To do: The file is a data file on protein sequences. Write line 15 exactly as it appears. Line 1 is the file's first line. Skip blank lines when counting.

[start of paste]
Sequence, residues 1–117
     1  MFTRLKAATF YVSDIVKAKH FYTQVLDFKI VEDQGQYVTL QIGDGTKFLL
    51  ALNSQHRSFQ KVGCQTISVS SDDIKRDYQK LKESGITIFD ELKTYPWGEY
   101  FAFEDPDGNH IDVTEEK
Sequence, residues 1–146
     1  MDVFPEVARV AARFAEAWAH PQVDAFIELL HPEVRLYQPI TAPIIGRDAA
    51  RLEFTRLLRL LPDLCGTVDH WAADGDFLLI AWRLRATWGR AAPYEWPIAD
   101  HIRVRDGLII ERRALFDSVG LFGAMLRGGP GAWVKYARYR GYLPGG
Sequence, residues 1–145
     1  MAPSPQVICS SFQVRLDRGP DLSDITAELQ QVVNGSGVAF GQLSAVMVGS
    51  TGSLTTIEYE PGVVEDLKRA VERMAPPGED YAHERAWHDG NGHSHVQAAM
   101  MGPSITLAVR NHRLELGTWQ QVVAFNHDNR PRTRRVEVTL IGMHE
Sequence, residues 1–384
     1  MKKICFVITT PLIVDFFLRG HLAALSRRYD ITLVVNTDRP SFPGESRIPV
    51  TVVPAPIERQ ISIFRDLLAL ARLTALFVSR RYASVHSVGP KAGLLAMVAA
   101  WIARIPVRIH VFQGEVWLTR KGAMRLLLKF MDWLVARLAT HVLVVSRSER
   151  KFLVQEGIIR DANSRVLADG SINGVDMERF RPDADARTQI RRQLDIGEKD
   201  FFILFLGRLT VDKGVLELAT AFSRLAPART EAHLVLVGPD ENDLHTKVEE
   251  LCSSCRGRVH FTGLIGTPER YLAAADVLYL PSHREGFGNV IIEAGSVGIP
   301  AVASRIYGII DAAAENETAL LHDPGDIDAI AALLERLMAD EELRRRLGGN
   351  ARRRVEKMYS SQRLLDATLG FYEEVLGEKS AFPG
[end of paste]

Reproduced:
    51  TVVPAPIERQ ISIFRDLLAL ARLTALFVSR RYASVHSVGP KAGLLAMVAA